Like fingerprints, no two eyes are exactly the same. The correction to restore and enhance one’s vision should be equally unique, so we developed the first Free-Form Design technology to analyze each eye’s specific rotation and correction requirements. Our patented Integrated Double Surface Design (IDSD) then  shapes both sides of the lens, designing the vertical component, which affects magnification and distance, into the front, and the horizontal component, which affects the power changes from side to side, into the back.

All other progressive lens designs limit the vertical and horizontal design components to the same side of the lens. Only HOYA customizes the lens on both sides for a personalized vision correction.


 The IDSD Process

Step 1: Calculating the unique front and back surfaces Vertical Positioning: Vertical Progressive Components are positioned on the front of the lens to minimize eye movement when transitioning from far to near distances. Reducing the rotation of the eyes when looking from distant to near zones makes the wearer more comfortable. Horizontal Positioning: Horizontal Progressive Components are positioned on the back of the lens to bring the unwanted astigmatic powers closer to the eye, reducing the effect on peripheral vision and producing wider, undistorted visual fields at all distances, regardless of the prescription.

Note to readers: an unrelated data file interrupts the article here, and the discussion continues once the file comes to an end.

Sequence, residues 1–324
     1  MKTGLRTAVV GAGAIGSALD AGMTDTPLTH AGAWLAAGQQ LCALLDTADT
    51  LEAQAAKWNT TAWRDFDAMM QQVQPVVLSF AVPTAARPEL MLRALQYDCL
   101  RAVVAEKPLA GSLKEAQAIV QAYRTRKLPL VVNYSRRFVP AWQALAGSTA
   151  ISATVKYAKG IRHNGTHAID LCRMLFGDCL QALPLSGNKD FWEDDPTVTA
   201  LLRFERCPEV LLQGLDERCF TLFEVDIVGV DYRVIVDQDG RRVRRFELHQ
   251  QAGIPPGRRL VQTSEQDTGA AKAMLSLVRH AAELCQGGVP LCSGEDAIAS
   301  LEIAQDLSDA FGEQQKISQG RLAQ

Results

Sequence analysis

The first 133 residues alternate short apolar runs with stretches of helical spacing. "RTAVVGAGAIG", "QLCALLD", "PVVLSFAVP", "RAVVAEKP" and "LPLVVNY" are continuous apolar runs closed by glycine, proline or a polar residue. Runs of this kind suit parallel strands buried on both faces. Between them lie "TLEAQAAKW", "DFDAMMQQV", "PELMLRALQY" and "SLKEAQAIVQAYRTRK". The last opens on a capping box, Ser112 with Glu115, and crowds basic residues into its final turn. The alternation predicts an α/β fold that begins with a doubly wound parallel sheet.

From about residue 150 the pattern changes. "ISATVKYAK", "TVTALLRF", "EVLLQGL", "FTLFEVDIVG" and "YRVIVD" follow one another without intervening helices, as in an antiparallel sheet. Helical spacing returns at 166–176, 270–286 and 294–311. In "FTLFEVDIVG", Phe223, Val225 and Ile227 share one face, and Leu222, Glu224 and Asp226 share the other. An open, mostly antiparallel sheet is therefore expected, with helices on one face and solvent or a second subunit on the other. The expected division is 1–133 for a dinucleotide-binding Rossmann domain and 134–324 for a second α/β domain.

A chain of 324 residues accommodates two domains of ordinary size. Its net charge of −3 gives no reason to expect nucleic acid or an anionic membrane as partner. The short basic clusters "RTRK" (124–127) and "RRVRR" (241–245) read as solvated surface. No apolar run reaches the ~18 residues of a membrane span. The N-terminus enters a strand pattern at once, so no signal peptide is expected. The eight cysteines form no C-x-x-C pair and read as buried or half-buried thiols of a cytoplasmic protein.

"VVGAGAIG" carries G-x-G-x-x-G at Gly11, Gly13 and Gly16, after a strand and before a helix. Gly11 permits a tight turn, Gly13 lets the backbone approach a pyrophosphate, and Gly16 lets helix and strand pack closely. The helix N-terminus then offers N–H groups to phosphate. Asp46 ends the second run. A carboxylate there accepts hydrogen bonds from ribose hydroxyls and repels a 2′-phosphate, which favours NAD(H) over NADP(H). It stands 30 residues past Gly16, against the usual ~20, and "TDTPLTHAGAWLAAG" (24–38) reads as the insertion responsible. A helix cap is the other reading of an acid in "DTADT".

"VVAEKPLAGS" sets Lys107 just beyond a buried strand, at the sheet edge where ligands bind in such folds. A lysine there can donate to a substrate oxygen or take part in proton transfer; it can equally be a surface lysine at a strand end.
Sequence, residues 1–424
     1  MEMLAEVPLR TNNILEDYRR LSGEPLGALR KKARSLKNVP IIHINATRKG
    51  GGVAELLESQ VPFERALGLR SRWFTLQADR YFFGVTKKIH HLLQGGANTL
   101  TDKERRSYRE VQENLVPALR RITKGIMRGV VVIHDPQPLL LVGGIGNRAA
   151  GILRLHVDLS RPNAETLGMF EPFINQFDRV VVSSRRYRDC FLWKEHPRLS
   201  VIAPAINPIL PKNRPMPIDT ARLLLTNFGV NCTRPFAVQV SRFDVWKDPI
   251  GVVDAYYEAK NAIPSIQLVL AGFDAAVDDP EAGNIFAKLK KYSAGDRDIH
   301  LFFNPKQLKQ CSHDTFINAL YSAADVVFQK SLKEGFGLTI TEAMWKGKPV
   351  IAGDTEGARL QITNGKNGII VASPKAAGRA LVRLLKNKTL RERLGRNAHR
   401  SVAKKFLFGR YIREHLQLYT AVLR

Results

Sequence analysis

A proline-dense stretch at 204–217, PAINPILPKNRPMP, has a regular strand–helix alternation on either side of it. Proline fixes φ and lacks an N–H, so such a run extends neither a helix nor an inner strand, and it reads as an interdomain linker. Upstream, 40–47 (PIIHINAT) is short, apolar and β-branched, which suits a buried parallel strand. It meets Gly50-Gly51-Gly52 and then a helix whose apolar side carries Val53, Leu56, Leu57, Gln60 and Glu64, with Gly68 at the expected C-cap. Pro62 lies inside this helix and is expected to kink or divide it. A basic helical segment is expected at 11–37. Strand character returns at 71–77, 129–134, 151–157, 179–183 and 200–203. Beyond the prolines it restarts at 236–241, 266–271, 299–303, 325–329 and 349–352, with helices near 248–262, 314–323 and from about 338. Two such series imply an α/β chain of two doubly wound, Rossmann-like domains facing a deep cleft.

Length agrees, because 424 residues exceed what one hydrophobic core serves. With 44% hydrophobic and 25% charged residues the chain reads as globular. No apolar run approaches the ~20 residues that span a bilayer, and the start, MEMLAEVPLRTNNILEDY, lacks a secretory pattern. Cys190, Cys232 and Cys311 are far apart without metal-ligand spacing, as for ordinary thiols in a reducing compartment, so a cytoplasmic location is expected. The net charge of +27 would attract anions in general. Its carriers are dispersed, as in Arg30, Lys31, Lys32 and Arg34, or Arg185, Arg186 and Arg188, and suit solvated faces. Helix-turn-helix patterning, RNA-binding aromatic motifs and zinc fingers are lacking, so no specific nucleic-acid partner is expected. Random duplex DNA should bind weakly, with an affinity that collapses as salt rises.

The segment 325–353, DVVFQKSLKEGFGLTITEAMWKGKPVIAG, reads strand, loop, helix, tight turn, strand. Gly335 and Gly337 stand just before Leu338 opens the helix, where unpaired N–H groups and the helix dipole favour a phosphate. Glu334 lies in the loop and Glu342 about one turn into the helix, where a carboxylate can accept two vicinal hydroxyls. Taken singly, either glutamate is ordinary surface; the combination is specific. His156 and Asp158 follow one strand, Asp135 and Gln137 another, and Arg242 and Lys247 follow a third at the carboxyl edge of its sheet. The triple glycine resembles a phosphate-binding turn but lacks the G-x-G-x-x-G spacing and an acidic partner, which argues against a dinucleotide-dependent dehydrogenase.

Step 2: Customizing the separate design properties Virtual vision evaluation and calculation techniques are used to map Skew Deformation, analyzing the unique “swim effect” experienced by each eye, and Point Deformation mapping, which quantifies the deformation at each point in the visual field of the progressive lens.

Step 3: Integrating the two surfaces our proprietary computer evaluation, Balanced View Control, tracks the movement of objects across the retina to identify any “bending” effects the wearer perceives along straight lines or flat surfaces. To do this, the Balanced View Control simulation creates a central “target” image composed of many small circles, then gradually moves each circle away from the center, identifying those that become ellipses due to Skew Deformation. The system then corrects the image at all deformation points, ensuring the clearest vision in all directions.





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